A world of autonomous vehicles may usher in an era of convenience for commuters, but it may also result in new complications
Automation, automation, automation — it is the watchword driving innumerable industrial inventions, it is the proverbial compass that guides the hand of humanity as we seek new ways to alleviate ourselves of the burden of hard work and decision-making.
They say necessity is the mother of all invention. Well, I like to think it is our laziness, paradoxically, that pushes us to find new ways to solve our problems. In one of our previous articles, we talked about how lazy employees are a company’s biggest assets because they are “practical, creative, and intelligent people who don’t overthink things”.
And that rings true for the purveyors and innovators of automation. You see, what these lazy people are doing is surreptitiously conditioning us to entrust our lives to an elegantly constructed series of circuit boards programmed with an indecipherable cocktail of algorithms. We don’t know the science behind it — hell, you could tell me it was a hamster on a wheel powering everything all along and I would be hard pressed to disprove you — but we believe it works well anyway.
Our enterprising ways will slowly but surely bring our society closer to achieving a sort of quasi-stoner’s zen – the ability to sit around and do diddly-squat, and, not because we are incapacitated, but because everything is taken care of.
Now that would be okay if it was, say, an automated lasagna making machine, or even automated home power control system. Because if these devices hit a glitch, it wouldn’t exactly endanger your life —unless you encounter the rare chance of it to exploding in your face — you could call/email tech support and have it remedied while sipping a cappuccino.
But not an autonomous driverless vehicle.
Cruising the highway in a steerless car
We’ve all read how Google is pushing the envelope for driverless cars. Since its self-driving car projection began about five years, it has successfully navigated several cities in the US, and its system has even been recognised as an official driver. The goal is of the project is to eventually transform drivers into mere passengers, and let the car do all the hard work.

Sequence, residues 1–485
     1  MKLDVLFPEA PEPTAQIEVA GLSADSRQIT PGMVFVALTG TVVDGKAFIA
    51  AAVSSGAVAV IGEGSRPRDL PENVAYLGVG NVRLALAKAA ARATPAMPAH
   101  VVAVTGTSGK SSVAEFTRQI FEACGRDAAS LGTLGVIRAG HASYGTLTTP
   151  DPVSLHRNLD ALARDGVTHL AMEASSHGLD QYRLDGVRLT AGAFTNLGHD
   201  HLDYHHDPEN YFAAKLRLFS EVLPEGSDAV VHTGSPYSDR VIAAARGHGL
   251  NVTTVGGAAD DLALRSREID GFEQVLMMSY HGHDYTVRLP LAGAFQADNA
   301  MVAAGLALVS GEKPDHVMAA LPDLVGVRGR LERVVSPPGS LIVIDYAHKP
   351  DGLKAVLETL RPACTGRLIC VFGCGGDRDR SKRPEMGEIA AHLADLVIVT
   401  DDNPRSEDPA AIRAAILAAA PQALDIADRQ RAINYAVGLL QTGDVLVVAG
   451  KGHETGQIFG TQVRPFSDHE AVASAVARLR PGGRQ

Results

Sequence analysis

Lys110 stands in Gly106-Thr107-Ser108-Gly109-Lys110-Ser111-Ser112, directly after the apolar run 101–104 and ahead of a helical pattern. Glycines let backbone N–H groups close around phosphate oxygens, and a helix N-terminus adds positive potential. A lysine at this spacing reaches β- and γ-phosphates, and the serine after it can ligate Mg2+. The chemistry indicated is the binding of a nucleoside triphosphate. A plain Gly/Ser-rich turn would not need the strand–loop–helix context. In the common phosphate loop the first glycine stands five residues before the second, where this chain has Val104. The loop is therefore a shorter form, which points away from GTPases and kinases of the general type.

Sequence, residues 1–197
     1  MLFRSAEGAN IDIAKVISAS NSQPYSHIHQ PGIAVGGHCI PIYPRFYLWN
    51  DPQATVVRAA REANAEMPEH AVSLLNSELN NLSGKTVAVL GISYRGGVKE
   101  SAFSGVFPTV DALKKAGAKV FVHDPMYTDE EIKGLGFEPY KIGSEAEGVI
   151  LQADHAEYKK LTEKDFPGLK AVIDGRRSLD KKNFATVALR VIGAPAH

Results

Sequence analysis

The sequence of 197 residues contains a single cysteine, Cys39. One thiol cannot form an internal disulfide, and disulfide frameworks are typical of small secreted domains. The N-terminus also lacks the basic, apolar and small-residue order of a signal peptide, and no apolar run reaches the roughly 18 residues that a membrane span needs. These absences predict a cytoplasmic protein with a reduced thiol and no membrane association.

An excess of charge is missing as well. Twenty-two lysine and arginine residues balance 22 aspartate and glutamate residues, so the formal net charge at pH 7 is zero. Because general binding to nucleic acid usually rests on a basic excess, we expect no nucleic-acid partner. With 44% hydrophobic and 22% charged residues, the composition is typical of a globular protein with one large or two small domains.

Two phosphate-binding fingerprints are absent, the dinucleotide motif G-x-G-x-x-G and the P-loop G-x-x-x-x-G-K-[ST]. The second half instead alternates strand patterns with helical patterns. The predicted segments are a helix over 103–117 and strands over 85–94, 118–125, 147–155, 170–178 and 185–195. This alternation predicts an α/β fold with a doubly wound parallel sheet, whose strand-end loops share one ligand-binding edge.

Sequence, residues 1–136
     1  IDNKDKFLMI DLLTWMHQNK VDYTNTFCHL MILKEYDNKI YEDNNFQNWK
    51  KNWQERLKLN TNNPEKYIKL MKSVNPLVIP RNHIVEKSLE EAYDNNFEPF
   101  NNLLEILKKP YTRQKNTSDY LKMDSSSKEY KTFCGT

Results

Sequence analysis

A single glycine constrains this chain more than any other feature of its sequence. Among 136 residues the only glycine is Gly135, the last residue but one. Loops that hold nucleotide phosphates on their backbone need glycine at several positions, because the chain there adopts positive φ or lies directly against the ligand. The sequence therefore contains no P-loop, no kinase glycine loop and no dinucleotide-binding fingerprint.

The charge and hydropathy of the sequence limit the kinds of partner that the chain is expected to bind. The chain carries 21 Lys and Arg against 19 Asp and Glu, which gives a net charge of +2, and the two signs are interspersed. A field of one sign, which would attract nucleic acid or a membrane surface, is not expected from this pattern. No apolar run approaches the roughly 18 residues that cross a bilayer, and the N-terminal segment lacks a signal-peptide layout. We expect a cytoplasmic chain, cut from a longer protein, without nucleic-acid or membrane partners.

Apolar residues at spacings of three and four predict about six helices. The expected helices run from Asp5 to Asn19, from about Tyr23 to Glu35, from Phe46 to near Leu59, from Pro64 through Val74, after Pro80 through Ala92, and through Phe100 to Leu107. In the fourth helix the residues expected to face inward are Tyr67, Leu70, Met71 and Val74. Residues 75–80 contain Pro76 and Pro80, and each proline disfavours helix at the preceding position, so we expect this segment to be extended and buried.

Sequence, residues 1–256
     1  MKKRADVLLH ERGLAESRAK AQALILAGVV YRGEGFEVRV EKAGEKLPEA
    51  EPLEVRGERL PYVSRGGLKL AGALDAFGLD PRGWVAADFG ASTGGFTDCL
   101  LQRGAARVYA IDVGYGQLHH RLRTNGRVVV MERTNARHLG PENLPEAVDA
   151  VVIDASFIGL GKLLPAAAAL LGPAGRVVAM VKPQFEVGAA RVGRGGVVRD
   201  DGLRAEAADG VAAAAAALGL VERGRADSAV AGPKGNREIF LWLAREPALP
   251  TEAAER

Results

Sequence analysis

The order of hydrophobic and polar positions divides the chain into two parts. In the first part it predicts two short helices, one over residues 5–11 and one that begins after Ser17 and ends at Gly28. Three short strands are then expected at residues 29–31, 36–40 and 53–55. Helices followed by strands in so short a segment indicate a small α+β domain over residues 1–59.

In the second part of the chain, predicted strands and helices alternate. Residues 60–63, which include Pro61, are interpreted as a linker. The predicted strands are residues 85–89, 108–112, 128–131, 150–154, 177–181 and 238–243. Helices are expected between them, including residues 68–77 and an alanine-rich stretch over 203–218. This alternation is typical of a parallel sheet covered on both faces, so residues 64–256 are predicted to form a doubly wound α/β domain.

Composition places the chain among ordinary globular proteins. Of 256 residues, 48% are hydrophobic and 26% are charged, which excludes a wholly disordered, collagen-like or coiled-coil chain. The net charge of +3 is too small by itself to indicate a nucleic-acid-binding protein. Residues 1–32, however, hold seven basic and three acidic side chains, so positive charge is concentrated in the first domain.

Google X’s latest prototype even takes out the steering wheel and brake pedal, essentially rendering it completely autonomous.
What? not even an emergency override? Aren’t we getting ahead of ourselves yet?
Well, the reasoning behind this move according to Astro Teller, the head of X (formerly Google X), is because “users didn’t stay alert in case the car had to hand control back to them.”
Google is not the only entity championing this move, the UK government is trialling an £8 million (US$11.5 million) project to put driverless pods on to the streets of London. Each pod can carry up to six passengers and comes equipped with an emergency button.
And closer to home, the Singapore government yesterday unveiled a joint venture with 2 Getthere Holding B.V to launch 2getthere’s 3rd Generation Group Rapid Transit (GRT) vehicle. Each pod purportedly holds up to 24 passengers each, “and can operate as a low-cost automated transit system that can cater for up to 8,000 passengers per hour in any single direction,” according to an official press release.